If You Build It, It Will Rain
Steven Janowiecki has gardening in his blood. In fact, a few weeks after he bought his house in Bloomington, Indiana, the first improvement he made was to build raised beds for his garden.
The next step was to find an easy way to water his garden. So, this astronomy graduate student purchased six, 55 gallon rain barrels for $5 each, constructed wooden frames to hold them four feet above ground, "and then just played with PVC pipe until it worked!"
This experiment in elementary engineering has resulted in a watering system for his garden that takes only five minutes to execute.
Janowiecki's garden contains a dozen or so raised beds with PVC pipes running through them. While he could have buried the pipes, this above-ground set up allows him to spot problems and fix clogs more easily.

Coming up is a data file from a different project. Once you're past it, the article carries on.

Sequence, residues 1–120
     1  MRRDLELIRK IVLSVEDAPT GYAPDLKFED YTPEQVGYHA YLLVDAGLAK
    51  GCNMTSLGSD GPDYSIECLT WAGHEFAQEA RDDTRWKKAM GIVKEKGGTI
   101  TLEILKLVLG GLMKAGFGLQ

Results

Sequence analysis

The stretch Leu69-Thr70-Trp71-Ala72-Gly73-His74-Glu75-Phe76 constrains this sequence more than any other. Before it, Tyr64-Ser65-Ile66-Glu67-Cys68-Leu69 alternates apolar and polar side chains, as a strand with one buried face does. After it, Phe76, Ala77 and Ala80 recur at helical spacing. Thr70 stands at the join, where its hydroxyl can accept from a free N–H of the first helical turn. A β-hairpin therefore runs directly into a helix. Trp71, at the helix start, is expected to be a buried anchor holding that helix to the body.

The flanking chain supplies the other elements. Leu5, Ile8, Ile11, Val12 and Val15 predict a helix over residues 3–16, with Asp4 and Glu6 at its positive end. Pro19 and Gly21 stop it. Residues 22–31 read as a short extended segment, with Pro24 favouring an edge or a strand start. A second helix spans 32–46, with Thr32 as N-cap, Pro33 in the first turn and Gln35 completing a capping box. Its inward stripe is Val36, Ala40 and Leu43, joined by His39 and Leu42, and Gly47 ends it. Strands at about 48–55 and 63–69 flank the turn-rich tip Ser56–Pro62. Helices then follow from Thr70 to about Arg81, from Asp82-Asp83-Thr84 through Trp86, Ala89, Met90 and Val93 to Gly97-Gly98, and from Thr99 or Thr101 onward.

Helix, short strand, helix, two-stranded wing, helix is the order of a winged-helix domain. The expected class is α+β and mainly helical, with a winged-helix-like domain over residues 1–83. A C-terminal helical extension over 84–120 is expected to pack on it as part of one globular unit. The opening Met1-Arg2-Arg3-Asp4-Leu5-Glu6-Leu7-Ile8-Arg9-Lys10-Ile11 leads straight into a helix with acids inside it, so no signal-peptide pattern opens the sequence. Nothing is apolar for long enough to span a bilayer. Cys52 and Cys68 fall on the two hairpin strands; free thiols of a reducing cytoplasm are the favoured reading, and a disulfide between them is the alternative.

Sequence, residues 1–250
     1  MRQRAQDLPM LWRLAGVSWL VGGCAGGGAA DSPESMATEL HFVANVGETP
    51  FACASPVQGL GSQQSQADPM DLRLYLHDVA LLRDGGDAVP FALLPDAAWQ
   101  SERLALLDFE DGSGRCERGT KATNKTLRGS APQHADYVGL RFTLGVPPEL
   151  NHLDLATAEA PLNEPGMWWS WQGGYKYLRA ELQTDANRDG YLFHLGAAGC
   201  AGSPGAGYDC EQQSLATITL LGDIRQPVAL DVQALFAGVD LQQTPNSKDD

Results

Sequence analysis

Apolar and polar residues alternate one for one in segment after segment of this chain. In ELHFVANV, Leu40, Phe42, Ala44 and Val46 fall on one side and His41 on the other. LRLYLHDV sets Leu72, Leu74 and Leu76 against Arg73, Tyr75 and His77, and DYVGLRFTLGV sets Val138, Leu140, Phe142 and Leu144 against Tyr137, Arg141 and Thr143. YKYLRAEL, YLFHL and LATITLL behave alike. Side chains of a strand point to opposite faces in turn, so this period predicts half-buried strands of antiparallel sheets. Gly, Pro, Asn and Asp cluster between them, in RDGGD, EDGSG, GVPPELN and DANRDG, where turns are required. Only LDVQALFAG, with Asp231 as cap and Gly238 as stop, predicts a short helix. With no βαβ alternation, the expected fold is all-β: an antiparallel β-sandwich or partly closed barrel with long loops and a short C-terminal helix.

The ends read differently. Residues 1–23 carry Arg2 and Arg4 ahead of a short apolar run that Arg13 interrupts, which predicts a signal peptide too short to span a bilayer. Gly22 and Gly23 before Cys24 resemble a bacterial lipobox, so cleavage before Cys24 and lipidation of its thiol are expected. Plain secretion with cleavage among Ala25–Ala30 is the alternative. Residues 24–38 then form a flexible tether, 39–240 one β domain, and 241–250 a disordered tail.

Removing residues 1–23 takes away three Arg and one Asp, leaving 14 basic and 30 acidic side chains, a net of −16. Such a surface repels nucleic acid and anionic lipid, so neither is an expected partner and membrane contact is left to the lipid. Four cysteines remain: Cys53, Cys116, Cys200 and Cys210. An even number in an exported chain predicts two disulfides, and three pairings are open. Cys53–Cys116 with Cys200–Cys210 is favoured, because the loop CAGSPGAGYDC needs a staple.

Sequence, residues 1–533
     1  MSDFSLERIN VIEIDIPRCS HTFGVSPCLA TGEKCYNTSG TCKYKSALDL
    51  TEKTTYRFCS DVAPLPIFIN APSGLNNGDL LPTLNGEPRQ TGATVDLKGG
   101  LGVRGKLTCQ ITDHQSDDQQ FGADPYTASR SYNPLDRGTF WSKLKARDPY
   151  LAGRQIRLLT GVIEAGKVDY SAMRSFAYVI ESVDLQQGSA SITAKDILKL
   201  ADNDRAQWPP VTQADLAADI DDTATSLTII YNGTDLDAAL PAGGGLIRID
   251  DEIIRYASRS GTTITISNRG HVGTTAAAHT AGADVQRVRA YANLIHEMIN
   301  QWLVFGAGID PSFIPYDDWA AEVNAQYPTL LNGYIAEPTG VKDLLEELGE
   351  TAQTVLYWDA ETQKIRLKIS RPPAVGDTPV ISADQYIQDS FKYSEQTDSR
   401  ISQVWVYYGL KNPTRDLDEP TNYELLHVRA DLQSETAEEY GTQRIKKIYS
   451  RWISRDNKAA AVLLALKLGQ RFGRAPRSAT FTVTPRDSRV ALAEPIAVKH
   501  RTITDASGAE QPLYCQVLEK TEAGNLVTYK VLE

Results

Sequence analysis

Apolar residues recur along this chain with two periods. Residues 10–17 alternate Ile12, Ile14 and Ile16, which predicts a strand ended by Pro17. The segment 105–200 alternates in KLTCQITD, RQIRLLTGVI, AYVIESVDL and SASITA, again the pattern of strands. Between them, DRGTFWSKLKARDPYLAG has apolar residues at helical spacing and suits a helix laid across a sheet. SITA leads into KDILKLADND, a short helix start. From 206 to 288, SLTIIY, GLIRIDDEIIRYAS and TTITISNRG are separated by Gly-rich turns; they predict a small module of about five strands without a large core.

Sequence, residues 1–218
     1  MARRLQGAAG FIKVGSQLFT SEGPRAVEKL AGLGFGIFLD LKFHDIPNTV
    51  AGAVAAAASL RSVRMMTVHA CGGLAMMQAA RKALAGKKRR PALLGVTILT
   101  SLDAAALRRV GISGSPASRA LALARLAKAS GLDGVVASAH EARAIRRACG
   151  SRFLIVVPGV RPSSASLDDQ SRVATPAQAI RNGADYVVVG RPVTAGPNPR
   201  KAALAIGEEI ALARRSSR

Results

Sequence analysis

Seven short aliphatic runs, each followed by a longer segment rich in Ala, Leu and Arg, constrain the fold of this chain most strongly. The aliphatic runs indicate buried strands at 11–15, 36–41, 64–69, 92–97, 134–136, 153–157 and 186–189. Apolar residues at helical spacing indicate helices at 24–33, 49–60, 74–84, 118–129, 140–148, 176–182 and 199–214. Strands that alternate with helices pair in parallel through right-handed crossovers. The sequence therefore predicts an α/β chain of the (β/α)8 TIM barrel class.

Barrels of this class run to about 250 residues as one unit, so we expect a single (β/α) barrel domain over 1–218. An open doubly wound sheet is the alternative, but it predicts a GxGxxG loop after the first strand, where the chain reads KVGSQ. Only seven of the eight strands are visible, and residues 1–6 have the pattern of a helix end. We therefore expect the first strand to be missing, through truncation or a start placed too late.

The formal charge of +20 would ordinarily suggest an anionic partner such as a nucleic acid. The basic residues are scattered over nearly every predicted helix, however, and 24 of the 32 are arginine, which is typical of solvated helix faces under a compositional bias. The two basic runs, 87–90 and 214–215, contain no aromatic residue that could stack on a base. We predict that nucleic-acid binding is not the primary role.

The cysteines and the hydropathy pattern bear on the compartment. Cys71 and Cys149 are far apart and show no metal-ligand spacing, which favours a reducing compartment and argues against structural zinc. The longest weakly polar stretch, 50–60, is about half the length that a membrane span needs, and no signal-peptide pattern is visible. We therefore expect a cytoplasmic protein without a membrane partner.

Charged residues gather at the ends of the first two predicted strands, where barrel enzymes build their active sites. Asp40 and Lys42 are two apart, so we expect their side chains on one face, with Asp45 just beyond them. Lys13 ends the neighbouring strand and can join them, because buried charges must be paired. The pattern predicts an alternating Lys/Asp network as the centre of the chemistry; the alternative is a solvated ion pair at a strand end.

There is about 1,500 square feet of collecting area on the roof that drains into the barrels by way of the gutters. His six barrels, which have a total of 300 gallons of storage, fill up completely with one quarter inch of rain. "The barrels have not been dry since the beginning of March because we've had so much rain lately!"
But surely the rainy weather of spring will not continue indefinitely. He could collect enough water to feed his garden throughout the dry summer if he had a 1,000 gallon barrel, but his system would only last for one week if no additional rain was being collected.
What's In The Toilet?
Since he hasn't needed to employ the system to water his garden just yet, he is instead using the collected rain water in his toilet.
To achieve the 40-50 psi needed to run a toilet, Janowiecki would have to hoist his rain barrels up 30 feet. Since that wasn't a realistic option, he purchased a special valve that operates independent of the existing toilet mechanism. The downside is that this makes for a very slow fill, taking 2-3 minutes. "If you're having a lot of people over and they need to flush more than every three minutes, you're in trouble," he jokes.